An Egyptian court has dropped its case against former President Hosni Mubarak over the killing of 239 protesters in the 2011 revolt that ended his three-decade rule. Mubarak, 86, was sentenced to life in prison in 2012 for conspiring to murder the demonstrators, sowing chaos and creating a security vacuum during the 18-day revolt, but an appeals court ordered a retrial. The judge said criminal charges should never have been brought against Mubarak in the case. The decision can be appealed, however, and the former leader was not freed as he is serving a three-year jail term in a separate embezzlement case.
The judiciary has been procrastinating for four years so they could clear him after hope had been lost. The verdict hit us like bullets. I consider that my son Ahmed died today.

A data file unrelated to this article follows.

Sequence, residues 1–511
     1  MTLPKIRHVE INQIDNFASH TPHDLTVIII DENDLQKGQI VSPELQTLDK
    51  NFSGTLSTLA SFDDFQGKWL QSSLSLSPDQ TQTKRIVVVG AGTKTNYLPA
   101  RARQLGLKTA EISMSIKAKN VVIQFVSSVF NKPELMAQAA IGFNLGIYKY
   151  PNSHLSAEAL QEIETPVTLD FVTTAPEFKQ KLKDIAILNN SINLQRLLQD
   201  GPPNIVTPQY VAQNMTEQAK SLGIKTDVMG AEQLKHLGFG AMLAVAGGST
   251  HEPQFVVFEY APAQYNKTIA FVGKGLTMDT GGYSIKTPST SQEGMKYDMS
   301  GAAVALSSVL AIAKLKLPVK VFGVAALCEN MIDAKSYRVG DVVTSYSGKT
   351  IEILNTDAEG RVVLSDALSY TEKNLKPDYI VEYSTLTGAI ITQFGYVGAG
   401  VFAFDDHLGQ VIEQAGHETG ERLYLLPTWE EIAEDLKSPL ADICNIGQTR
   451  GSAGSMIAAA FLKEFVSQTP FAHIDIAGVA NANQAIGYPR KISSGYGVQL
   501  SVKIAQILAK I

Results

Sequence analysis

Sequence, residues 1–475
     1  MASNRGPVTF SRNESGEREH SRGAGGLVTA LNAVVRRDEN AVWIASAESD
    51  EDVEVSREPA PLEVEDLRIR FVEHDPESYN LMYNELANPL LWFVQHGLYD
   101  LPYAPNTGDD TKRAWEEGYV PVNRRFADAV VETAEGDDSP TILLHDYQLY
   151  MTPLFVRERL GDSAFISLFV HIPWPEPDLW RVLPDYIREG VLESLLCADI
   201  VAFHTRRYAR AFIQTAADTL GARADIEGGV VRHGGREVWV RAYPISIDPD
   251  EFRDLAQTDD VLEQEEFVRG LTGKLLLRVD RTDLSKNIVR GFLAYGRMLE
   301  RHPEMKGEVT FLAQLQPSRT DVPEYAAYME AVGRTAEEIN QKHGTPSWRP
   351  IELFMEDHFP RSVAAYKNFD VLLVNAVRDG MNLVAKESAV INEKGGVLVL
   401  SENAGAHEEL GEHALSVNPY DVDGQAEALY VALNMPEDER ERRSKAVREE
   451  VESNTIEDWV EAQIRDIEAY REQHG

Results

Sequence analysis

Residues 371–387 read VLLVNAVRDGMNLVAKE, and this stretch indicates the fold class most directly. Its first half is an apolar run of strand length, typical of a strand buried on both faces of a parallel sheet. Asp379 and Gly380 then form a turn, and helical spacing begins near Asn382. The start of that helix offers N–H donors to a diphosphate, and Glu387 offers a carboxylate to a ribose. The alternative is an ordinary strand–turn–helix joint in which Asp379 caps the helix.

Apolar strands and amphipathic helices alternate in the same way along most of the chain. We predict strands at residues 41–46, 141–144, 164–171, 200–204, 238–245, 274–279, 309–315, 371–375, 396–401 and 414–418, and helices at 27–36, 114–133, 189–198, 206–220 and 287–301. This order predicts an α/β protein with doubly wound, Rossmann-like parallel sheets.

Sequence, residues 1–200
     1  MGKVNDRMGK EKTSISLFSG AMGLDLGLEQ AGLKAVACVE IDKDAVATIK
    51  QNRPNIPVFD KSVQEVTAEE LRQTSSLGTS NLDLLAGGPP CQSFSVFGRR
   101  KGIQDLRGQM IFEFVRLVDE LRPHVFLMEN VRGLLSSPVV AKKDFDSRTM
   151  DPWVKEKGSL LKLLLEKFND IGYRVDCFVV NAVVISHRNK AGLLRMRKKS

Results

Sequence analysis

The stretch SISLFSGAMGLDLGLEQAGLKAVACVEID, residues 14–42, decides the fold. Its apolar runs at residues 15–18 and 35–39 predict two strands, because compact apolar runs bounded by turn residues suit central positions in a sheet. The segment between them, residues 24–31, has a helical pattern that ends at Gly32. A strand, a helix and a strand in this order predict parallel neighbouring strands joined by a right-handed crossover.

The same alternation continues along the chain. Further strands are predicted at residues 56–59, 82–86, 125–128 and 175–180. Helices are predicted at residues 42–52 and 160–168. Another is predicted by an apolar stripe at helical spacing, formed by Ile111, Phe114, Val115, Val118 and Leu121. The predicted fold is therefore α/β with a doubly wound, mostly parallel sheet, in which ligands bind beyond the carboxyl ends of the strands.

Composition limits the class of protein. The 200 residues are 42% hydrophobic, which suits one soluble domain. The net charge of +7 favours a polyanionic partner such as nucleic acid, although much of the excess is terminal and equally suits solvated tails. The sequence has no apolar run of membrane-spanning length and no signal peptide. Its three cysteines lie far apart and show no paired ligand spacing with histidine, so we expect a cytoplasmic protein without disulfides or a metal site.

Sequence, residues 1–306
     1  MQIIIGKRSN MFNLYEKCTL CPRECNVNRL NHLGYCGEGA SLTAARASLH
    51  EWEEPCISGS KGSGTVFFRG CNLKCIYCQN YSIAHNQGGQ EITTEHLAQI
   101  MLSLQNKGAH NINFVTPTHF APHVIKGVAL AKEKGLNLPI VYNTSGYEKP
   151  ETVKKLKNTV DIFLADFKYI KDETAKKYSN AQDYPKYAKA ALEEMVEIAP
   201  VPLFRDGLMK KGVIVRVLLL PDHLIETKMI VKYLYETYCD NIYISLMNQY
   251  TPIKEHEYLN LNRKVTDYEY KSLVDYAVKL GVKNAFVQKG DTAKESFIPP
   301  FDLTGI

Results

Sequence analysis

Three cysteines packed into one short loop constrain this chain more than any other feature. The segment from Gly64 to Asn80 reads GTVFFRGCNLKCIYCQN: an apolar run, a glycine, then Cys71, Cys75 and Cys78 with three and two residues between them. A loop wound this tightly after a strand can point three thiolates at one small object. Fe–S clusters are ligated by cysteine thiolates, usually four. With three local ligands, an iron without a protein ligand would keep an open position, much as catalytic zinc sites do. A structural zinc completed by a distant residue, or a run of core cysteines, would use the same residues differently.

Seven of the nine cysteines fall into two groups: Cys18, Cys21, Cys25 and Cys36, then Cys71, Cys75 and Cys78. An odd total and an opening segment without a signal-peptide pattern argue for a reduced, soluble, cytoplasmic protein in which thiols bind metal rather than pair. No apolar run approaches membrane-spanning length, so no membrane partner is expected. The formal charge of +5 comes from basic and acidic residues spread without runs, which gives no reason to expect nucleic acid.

The father of Ahmed Khaleefa, 19, who was killed in 2011
Mubarak’s supporters erupted into celebration when the verdicts of that retrial ¬– which also cleared Mubarak’s former interior minister Habib al-Adly and six aides – were read out. The defendants had denied the charges. Supporters outside court far outnumbered families of protesters who died in the Tahrir Square revolt. Many Egyptians who lived through Mubarak’s rule view it as a period of autocracy and crony capitalism and considered it a victory to see him behind bars. His overthrow led to Egypt’s first free election but the winner, Mohamed Mursi, was ousted last year by the army.